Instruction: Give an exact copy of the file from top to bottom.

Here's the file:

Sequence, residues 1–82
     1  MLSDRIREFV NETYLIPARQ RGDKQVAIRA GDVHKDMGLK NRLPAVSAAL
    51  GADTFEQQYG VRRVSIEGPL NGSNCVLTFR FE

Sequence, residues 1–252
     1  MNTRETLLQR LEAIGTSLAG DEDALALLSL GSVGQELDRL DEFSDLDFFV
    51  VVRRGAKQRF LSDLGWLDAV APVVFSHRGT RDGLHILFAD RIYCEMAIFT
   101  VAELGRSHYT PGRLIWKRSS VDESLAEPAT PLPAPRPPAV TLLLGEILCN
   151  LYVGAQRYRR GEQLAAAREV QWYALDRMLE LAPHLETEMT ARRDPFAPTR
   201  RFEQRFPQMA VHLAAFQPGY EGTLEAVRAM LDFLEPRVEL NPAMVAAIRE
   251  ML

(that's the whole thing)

Sequence, residues 1–82
     1  MLSDRIREFV NETYLIPARQ RGDKQVAIRA GDVHKDMGLK NRLPAVSAAL
    51  GADTFEQQYG VRRVSIEGPL NGSNCVLTFR FE

Sequence, residues 1–252
     1  MNTRETLLQR LEAIGTSLAG DEDALALLSL GSVGQELDRL DEFSDLDFFV
    51  VVRRGAKQRF LSDLGWLDAV APVVFSHRGT RDGLHILFAD RIYCEMAIFT
   101  VAELGRSHYT PGRLIWKRSS VDESLAEPAT PLPAPRPPAV TLLLGEILCN
   151  LYVGAQRYRR GEQLAAAREV QWYALDRMLE LAPHLETEMT ARRDPFAPTR
   201  RFEQRFPQMA VHLAAFQPGY EGTLEAVRAM LDFLEPRVEL NPAMVAAIRE
   251  ML